Patient care coordination tends to be easier for accountable care organizations whose participants are using a single electronic health record system, HHS' Office of Inspector General said Wednesday.
Separate EHRs pose care-coordination challenge for ACOs, OIG finds
The need for reliable data-sharing has placed a burden on ACOs to either invest in the same version of an EHR system or rely on non-electronic means, such as phone calls and faxes, to communicate patient information, according to the OIG report. Installing a new EHR can cost provider organizations millions of dollars after taking into account expenses related to purchasing the new system, training personnel and transferring data.
The CMS has suggested that groups of providers who come together to form an ACO have the potential to provide more coordinated—and subsequently better—care to their patients. However, interoperability has proven a key barrier standing in the way of these goals: If a provider can't easily exchange patient data with a colleague in their network, it makes care coordination more difficult.
To assess how ACOs are using health IT tools to bolster care coordination, a research team from the OIG conducted site visits and interviews at six ACOs—four participating in the CMS' Next Generation ACO Model and two in the Medicare Shared Savings Program. All six ACOs had spent at least three years as a Medicare ACO.
The report marks one of the first in-depth looks at how ACOs are using health IT tools to coordinate patient care, said Ivan Troy, a social science research analyst and team leader on the study.
"These ACOs are all using HIT tools with some successes here and there, but we also found that they're all facing challenges of some kind," Troy said. "There's this goal, this promise, of seamless electronic transfer of data across all providers, and we're just not there yet."
Use of the same EHR across an ACO network proved the most consistent health IT effort that improved care coordination. The impact of other health IT efforts—such as health information exchanges, population analytics or patient-facing tools—on care coordination were "less apparent," according to the report. HIEs, for example, often had incomplete patient data.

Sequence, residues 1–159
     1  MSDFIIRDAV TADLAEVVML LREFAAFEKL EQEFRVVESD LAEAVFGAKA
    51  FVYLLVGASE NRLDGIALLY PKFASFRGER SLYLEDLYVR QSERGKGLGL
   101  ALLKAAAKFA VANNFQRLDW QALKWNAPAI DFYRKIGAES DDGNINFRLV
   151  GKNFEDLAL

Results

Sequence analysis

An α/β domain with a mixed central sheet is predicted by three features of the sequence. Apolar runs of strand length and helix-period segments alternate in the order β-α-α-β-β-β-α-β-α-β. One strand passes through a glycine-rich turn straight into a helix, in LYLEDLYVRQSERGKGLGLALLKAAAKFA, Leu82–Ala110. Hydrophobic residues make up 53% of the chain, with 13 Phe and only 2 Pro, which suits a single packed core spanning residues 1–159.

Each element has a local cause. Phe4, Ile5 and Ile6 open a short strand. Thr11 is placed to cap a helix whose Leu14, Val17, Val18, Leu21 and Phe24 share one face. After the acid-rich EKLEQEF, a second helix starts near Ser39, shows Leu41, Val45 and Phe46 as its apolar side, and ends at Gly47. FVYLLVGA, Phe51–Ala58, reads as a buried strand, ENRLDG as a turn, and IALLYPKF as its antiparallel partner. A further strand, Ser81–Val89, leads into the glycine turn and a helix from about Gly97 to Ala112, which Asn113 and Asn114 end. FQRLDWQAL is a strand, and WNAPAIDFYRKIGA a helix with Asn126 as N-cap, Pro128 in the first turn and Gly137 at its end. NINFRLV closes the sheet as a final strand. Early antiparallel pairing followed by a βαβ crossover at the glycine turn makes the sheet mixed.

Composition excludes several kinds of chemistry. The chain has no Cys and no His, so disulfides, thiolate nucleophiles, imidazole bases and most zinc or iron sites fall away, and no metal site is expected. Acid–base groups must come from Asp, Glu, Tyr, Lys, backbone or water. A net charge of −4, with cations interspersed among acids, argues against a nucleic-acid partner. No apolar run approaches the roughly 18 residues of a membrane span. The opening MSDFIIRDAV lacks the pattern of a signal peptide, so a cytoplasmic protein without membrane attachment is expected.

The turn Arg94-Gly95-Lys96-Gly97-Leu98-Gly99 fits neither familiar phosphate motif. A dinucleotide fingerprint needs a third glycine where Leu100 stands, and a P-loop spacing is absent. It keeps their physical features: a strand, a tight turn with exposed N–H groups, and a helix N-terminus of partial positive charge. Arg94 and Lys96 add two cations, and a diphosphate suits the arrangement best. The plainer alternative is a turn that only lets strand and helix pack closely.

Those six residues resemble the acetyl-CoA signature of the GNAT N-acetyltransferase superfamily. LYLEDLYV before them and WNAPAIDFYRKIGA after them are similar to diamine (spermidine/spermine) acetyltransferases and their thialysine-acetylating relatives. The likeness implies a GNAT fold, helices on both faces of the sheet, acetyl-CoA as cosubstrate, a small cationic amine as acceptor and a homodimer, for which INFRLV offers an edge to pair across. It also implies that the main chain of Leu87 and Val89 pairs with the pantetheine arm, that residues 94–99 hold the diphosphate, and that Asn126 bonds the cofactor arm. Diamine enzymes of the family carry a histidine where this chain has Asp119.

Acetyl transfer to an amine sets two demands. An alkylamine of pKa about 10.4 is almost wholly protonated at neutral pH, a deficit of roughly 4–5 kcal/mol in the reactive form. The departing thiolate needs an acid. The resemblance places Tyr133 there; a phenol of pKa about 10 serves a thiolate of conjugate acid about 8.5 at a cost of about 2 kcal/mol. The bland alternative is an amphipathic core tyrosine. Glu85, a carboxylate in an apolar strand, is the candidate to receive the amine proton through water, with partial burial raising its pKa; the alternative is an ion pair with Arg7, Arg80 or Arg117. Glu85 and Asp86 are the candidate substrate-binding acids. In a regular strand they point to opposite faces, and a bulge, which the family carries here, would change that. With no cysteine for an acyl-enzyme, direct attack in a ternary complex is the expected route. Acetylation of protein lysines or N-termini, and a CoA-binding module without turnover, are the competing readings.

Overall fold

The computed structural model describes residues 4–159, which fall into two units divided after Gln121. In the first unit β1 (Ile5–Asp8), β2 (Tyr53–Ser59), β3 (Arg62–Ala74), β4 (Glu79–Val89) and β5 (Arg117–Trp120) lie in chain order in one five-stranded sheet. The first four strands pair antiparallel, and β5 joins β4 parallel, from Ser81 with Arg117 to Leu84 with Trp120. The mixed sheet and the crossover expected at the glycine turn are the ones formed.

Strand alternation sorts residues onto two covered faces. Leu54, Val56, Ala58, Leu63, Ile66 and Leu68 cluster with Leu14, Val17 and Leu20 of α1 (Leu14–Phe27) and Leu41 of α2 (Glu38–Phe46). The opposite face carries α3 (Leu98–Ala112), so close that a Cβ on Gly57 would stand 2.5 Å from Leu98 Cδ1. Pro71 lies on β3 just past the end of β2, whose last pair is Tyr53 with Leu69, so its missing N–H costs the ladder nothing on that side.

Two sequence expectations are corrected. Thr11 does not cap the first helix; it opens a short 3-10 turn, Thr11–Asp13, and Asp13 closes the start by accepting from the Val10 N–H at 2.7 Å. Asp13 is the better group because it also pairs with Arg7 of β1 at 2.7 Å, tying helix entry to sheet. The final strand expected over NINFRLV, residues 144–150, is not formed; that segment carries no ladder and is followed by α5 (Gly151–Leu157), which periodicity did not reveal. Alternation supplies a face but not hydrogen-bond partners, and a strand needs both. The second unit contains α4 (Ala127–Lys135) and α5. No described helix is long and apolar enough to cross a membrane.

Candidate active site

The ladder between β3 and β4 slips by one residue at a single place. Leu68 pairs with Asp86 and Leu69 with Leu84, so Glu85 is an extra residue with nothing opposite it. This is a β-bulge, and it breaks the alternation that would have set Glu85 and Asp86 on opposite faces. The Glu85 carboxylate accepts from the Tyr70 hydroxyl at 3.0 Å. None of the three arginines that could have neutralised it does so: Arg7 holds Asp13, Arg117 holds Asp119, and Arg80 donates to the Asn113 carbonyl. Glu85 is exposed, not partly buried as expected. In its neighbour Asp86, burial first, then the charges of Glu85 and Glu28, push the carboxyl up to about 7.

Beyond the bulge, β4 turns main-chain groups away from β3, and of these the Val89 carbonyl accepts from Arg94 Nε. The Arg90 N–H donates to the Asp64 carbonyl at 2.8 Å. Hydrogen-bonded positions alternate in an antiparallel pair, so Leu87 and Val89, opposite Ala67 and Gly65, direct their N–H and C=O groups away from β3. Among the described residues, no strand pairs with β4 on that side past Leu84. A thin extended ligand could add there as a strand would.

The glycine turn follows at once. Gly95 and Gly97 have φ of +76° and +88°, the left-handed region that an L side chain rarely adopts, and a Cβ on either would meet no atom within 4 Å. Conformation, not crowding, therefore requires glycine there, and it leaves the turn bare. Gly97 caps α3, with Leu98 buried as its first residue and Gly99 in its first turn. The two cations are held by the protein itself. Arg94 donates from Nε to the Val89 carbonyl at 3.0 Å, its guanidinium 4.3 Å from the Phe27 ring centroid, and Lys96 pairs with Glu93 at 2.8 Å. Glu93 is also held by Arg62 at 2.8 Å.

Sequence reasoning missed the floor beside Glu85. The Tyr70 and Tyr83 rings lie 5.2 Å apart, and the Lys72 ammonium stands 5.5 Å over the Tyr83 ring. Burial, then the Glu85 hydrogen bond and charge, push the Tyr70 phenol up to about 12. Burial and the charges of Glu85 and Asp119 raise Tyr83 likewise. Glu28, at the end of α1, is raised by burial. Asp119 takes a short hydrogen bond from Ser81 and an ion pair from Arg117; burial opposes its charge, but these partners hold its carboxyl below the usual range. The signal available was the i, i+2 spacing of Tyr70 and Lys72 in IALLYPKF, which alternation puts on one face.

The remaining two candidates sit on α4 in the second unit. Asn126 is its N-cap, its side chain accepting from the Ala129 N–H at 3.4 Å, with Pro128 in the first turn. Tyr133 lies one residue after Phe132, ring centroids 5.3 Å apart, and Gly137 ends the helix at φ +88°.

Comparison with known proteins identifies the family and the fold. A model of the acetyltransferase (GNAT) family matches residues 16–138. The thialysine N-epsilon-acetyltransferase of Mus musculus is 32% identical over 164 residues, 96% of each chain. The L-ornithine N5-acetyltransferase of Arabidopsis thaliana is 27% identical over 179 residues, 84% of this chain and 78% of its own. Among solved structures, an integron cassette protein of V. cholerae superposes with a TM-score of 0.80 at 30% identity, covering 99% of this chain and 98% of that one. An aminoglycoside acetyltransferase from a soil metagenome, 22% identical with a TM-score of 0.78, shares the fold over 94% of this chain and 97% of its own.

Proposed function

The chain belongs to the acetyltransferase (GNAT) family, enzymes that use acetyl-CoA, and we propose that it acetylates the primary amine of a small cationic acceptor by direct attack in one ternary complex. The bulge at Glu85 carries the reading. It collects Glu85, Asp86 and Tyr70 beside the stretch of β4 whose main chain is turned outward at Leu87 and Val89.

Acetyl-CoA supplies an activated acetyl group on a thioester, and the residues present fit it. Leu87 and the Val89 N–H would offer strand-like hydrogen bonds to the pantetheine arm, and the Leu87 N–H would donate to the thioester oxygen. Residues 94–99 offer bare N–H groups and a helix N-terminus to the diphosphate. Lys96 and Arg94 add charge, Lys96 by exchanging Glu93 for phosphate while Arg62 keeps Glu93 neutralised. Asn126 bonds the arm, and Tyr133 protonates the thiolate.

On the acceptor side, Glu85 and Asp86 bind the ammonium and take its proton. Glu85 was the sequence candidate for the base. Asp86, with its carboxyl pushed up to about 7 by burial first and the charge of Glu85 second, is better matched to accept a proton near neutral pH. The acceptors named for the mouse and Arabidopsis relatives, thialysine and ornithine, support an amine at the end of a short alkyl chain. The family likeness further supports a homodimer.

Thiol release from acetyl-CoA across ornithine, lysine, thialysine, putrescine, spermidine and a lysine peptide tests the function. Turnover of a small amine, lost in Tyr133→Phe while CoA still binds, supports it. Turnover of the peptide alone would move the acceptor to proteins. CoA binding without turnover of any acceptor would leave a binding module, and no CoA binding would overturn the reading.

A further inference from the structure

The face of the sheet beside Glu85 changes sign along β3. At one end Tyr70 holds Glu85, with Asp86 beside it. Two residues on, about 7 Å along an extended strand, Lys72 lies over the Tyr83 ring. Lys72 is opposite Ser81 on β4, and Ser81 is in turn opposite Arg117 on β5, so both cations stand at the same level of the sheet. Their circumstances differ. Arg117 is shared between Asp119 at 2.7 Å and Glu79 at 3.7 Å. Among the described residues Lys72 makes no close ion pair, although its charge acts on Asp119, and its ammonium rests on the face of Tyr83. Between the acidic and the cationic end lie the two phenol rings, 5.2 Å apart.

When it comes to limited data held in HIEs today, "these challenges are not unique to ACOs," the report notes. "Many see a network of high functioning and comprehensive HIEs as a linchpin of interoperability, but the promise of such a network has not yet been realized."
New HHS-proposed initiatives might address some of ACOs' IT challenges.
Last month the Office of the National Coordinator for Health Information Technology released the second draft of its Trusted Exchange Framework and Common Agreement, which outlines principles for promoting nationwide interoperability between health IT networks. The agreement would set federally recognized data-sharing standards, among other requirements.
As it stands today, ACOs that used a single EHR across their provider networks typically were able to share data in real-time, and in some cases share access to a central provider portal. ACOs that used multiple EHRs, by contrast, often relied on other means to share patient data, such as implementing third-party health IT tools or exchanging information via telephone, email and fax.
"In the ACOs we visited, it appears that those ACOs that use single EHR systems were able to maximize that tool for care coordination," the report said. "This may be in part because those ACOs have full access to patient information for all the providers in their networks."
It isn't an easy task for an ACO network to transition to the same EHR, given that many ACOs are decentralized by design. All of the ACOs in the report that mandated a single EHR were ones that employed physicians directly, according to Troy. "The ACOs who didn't use that model relied on whichever EHR systems their providers were using already," he said.
Across the board, ACOs also expressed difficulty exchanging data with those outside their networks. "Getting data from providers not in the ACO network was something that we heard from everybody," Troy said. "That's where the seamless flow of electronic data broke down, and they had to rely on other means."
Send us a letter
Have an opinion about this story? Click here to submit a Letter to the Editor, and we may publish it in print.